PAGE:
How does the picture look when non-business filings are broken down by chapter (7 and 13)? As Chart 4 (p. 60) demonstrates, it is evident that both the pre-BAPCPA-effective-date spike and the post-BAPCPA fall-off in filings were much more drastic in chapter 7 than in chapter 13. This of course is hardly surprising, since the reality—and the perception—was that BAPCPA was making it much more difficult for consumer debtors to obtain chapter 7 relief. Little wonder, then, that anyone who was considering filing chapter 7 would rush to the courthouse to file before BAPCPA supposedly brought down the curtain of ready chapter 7 access. For more than four years, from the start of 2001 through the first quarter of 2005 (i.e., just before BAPCPA was enacted on April 20, 2005), chapter 7 filings were remarkably constant, averaging 275,297 per quarter, with a very modest deviation. In the three reporting-period quarters in which consumer debtors had a chance to file post-BAPCPA enactment and pre-effective date, by comparison, chapter 7 filings averaged 446,503—62 percent higher than the previous 17 quarters. It is little wonder, then, that the total chapter 7 nonbusiness filings for the two quarters following the BAPCPA effective date were 154,924, or an average of 77,462 per quarter—just 28 percent of the one-quarter average of 275,297 for the 17 quarters preceding BAPCPA's enactment. If the deviant five pre- and post-BAPCPA quarters are averaged, however, we see a quarterly average of 298,886—slightly higher than the preceding 275,297 average, but only by 8.5 percent. While the consideration above of all nonbusiness filings indicated that the run of below-average filings might be largely over, this data on chapter 7 filings suggests the possibility that chapter 7 filings might remain slightly below historic (viz., pre-BAPCPA enactment) levels for another quarter—again, unless some fundamental change has occurred.
In looking more closely at chapter 13 filing trends, the first fact of note is that (unlike chapter 7 filings, which spiked) there was virtually no change at all in chapter 13 nonbusiness filings in the time period after enactment of BAPCPA in April 2005 up to the effective date in October 2005. This "nonspike" can be seen in Chart 4. Chapter 13 nonbusiness filings for the quarters ending June 2005 and September 2005 were 102,107 and 109,833, respectively, an average of 105,925. For the 17 quarters from March 2001 through March 2005 (the pre-BAPCPA world), the chapter 13 nonbusiness filing average was 110,937—very close to (just 4.7 percent higher than) the post-enactment, pre-effective-date average of 105,925 for chapter 13 nonbusiness filings. Indeed, even in the quarter ending December 2005, which included 2 1/2 months following the Oct. 17 effective date, chapter 13 nonbusiness filings were down only slightly, to 93,714.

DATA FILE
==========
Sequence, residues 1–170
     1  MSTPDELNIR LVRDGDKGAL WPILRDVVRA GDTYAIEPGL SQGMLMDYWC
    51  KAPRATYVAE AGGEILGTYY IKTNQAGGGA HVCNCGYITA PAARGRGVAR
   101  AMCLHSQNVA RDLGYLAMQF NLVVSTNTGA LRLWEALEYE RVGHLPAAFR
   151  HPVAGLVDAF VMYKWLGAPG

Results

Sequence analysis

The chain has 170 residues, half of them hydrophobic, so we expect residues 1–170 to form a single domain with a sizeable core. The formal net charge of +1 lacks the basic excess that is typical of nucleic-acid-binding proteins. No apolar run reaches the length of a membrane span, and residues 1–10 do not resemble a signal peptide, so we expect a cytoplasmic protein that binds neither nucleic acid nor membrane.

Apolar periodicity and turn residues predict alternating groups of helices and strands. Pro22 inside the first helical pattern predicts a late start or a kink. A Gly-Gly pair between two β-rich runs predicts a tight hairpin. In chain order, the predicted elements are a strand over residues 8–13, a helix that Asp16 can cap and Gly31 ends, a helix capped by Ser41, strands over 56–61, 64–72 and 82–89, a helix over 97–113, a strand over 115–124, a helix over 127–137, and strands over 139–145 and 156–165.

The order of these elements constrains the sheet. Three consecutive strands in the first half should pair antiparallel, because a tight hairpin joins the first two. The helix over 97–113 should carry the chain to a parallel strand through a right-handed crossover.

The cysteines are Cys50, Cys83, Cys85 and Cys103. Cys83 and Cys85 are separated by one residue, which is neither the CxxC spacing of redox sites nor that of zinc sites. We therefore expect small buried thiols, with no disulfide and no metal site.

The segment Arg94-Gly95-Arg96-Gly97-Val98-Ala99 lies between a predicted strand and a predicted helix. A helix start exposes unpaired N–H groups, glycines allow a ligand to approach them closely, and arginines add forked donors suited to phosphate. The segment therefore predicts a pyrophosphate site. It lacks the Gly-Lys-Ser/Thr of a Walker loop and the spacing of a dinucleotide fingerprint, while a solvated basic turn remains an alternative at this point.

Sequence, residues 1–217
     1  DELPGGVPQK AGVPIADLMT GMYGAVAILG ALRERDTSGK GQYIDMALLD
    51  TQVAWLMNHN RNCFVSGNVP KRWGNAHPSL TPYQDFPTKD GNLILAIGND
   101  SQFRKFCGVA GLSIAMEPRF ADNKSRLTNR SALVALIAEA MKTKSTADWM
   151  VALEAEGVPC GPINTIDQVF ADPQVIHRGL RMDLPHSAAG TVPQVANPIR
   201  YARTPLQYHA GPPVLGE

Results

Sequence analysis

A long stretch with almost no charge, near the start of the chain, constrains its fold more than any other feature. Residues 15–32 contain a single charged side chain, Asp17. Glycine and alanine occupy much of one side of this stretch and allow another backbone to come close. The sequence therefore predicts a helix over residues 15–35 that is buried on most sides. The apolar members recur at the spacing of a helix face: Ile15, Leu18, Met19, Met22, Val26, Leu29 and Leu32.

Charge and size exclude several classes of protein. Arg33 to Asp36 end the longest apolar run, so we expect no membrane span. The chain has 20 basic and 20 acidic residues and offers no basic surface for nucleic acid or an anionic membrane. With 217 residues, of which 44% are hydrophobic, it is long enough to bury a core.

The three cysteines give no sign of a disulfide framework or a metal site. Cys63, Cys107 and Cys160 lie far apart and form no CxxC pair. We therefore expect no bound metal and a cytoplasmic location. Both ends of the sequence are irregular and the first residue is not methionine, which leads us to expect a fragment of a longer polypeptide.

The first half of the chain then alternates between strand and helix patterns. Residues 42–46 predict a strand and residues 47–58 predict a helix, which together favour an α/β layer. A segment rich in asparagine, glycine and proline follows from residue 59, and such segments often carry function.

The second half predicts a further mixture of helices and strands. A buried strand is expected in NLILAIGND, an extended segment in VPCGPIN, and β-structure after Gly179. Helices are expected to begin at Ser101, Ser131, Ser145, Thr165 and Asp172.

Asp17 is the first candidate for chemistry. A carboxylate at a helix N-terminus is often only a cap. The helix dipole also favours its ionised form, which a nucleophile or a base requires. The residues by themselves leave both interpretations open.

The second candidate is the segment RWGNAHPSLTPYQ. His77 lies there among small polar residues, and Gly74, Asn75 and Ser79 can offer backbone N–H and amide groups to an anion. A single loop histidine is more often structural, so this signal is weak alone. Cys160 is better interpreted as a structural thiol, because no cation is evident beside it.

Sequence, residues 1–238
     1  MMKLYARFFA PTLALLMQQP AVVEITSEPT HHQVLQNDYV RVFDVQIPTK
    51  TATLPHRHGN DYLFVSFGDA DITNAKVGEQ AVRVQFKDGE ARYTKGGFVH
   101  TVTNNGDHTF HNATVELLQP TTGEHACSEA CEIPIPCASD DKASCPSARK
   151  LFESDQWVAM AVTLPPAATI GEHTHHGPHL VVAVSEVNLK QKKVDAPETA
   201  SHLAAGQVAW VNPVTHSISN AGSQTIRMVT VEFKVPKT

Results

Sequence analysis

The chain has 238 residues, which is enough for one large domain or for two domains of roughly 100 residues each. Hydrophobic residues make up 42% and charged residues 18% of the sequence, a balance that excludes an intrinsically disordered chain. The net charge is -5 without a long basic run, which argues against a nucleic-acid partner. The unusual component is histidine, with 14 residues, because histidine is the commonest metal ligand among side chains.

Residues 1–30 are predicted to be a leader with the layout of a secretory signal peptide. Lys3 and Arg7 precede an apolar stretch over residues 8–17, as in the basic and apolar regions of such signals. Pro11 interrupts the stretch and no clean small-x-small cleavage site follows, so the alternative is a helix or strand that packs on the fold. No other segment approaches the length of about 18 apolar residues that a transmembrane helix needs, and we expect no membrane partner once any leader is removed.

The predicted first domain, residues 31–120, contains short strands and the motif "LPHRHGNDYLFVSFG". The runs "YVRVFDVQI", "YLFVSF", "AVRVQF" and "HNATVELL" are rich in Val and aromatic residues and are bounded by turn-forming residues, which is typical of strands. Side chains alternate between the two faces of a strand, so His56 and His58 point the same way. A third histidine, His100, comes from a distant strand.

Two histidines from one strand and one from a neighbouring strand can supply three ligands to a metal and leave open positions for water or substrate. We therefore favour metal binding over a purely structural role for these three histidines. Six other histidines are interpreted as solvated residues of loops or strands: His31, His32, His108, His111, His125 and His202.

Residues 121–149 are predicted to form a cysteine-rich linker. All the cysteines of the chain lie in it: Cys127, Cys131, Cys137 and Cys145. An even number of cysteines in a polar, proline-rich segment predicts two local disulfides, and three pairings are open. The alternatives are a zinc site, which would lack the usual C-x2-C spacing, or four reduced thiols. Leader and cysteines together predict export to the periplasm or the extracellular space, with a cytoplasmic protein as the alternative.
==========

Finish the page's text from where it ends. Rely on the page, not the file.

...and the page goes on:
It has only been in 2006 that chapter 13 filings have gone down significantly. For the two quarters ending March 2006 and June 2006, chapter 13 nonbusiness filings were 49,314 and 59,170, respectively, an average of 54,242—almost exactly half of the 110,937 quarterly average for the pre-BAPCPA world. However, the drop in chapter 13 filings has been much less than in chapter 7, where the post-BAPCPA drop to date has been to barely a quarter of historic levels. If the five quarters beginning with BAPCPA's enactment are examined, we see an average quarterly chapter 13 filing rate of 82,809, approximately three-fourths of the prior average of 110,937.
Looking at this data, one can speculate about some possible explanations for the recent trends in the chapter 13 filing rate. As noted above, the dramatic jump in chapter 7 is explainable largely by consumer debtors trying to take advantage of the old, more favorable law. So, too, it is likely that a substantial number of putative chapter 13 filers (i.e., those who absent the enactment of BAPCPA might have filed chapter 13 some time from the fourth quarter of 2005 on) moved up their bankruptcy filings to beat BAPCPA's effective date. While most of the press has gone to the "tough new chapter 7," so too did BAPCPA make chapter 13 harsher for consumer debtors (especially those above the state median income). This "race to the courthouse" idea for chapter 13 would help explain the substantial decline in the post-BAPCPA chapter 13 filing rate (down to half of prior levels), but does not explain why the pre-BAPCPA effective date rate did not correlatively increase, as was true in chapter 7. Rather, the total for the last five quarters in the chapter 13 rate is down about 25 percent from prior levels (from 110,937 per quarter to 82,809). Thus, chapter 13 filings the last five quarters are off by 28,128 per quarter.